Analysis of CGM data from 3,262 type 2 diabetes subjects revealed similar risk reduction for all stages of diabetic retinopathy after all adjustments, including HbA1c,4 underscoring the value of TIR as an additional metric to consider in study outcomes and clinical assessment of individual patient risk for the onset and progression of diabetic retinopathy.

Related: OCT in DR follow-up highlights importance of retina-vitreous attachment

Moreover, TIR is an immediately visible, understandable, and malleable value in patients’ day-to-day efforts at achieving good glucose control. The International Consensus Panel on Time In Range recently released recommendations that most patients with type 1 and type 2 diabetes strive for a TIR  >70 percent.5

Importantly, CGM algorithms also calculate the percentage of time patient glucoses are “above range” (> 80 mg/dl), “below range” (<70 mg/dl) and “very low” (<55 mg/dl). These metrics facilitate corrective measures by patients and physicians alike, giving insight into daily, temporal fluctuations in blood glucose levels that cannot be assessed by HbA1c.

Moreover, variations in patient hemoglobin status (anemia, polycythemia, chronic kidney disease, and genetic hemoglobinopathies) may render HbA1c totally unreliable in some patients.6

This is not to say that HbA1c is not still relevant for most patients. Research has shown that HbA1c is highly predictive of diabetic eye disease in both type 1 and type 2 diabetes.7

What can be said is HbA1c is reasonably correlated with average blood glucose levels in most patients and A1c levels are directly linked to risk of microvascular complications in most patients. CGM measurements give additional insight into patients’ metabolic control and may explain why patients with the same A1c values experience significantly different outcomes in the development and progression of diabetic retinopathy, even after controlling for other established risk factors like diabetes duration and blood pressure control.8

When possible, ODs and MDs should ask patients with diabetes about glucose time-in-range, counsel them about its significance to diabetic retinopathy, and encourage TIR goals consistent with ocular risk reduction.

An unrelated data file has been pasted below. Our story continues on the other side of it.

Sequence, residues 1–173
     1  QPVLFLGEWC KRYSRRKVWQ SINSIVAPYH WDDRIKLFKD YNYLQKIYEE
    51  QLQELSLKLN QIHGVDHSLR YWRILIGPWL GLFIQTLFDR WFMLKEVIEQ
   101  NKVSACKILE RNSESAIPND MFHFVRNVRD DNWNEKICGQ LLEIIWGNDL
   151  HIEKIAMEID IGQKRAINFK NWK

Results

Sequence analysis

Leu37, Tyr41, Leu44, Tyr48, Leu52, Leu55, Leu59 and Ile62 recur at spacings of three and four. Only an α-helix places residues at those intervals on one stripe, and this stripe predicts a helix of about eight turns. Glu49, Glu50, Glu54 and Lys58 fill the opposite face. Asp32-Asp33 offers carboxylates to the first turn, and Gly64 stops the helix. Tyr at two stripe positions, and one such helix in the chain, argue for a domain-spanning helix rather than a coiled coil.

More by Dr. Chous: Research initiatives offer treatment options for diabetes patients


1. Beck RW, Connor CG, Mullen DM, Wesley DM, Bergenstal RM. The Fallacy of Average: How Using HbA1c Alone to Assess Glycemic Control Can Be Misleading. Diabetes Care. 2017 Aug;40(8):994-999.
2. Beck RW, Bergenstal RM, Cheng P, Kollman C, Carlson AL, Johnson ML, Rodbard D. The Relationships Between Time in Range, Hyperglycemia Metrics, and HbA1c. J Diabetes Sci Technol. 2019 Jul;13(4):614-626
3. Beck RW, Bergenstal RM, Riddlesworth TD, Kollman C, Li Z, Brown AS, Close KL. Validation of Time in Range as an Outcome Measure for Diabetes Clinical Trials. Diabetes Care. 2019 Mar;42(3):400-405.
4. Lu J, Ma X, Zhou J. Association of Time in Range, as Assessed by Continuous Glucose Monitoring, With Diabetic Retinopathy in Type 2 Diabetes. Diabetes Care. 2018 Nov;41(11):2370-2376.
5. Battelino T, Danne T, Bergenstal RM, Amiel SA, Beck R, Biester T, Bosi E, Buckingham BA, Cefalu WT, Close KL, Cobelli C, Dassau E, DeVries JH, Donaghue KC, Dovc K, Doyle III JF, Garg S, Grunberger G, Heller S, Heinemann, L, Hirsch IB, Hovorka R, Jia W, Kordonouri O, Kovatchev B, Kowalski A, Laffel L, Levine B, Mayorov A, Mathieu C, Murphy HR, Nimri R, Norgaard K, Parkin CG, Renard E, Rodbard D, Saboo B, Schatz D, Stoner K, Urakami T, Weinzimer SA, Phillip M. Clinical targets for continuous glucose monitoring data interpretation: recommendations from the international consensus on time in range. Diabetes Care. 2019 Aug; 42(8):1593-1603.
6. Smalldone A. Glycemic Control and Hemoglobinopathy: When A1C May Not Be Reliable. Diabetes Spec.. 2008 Jan;21(1):46-49.
7. Frank RN. Diabetic retinopathy and systemic factors. Middle East Afr J Ophthalmol. Apr-Jun;22(2):151-6.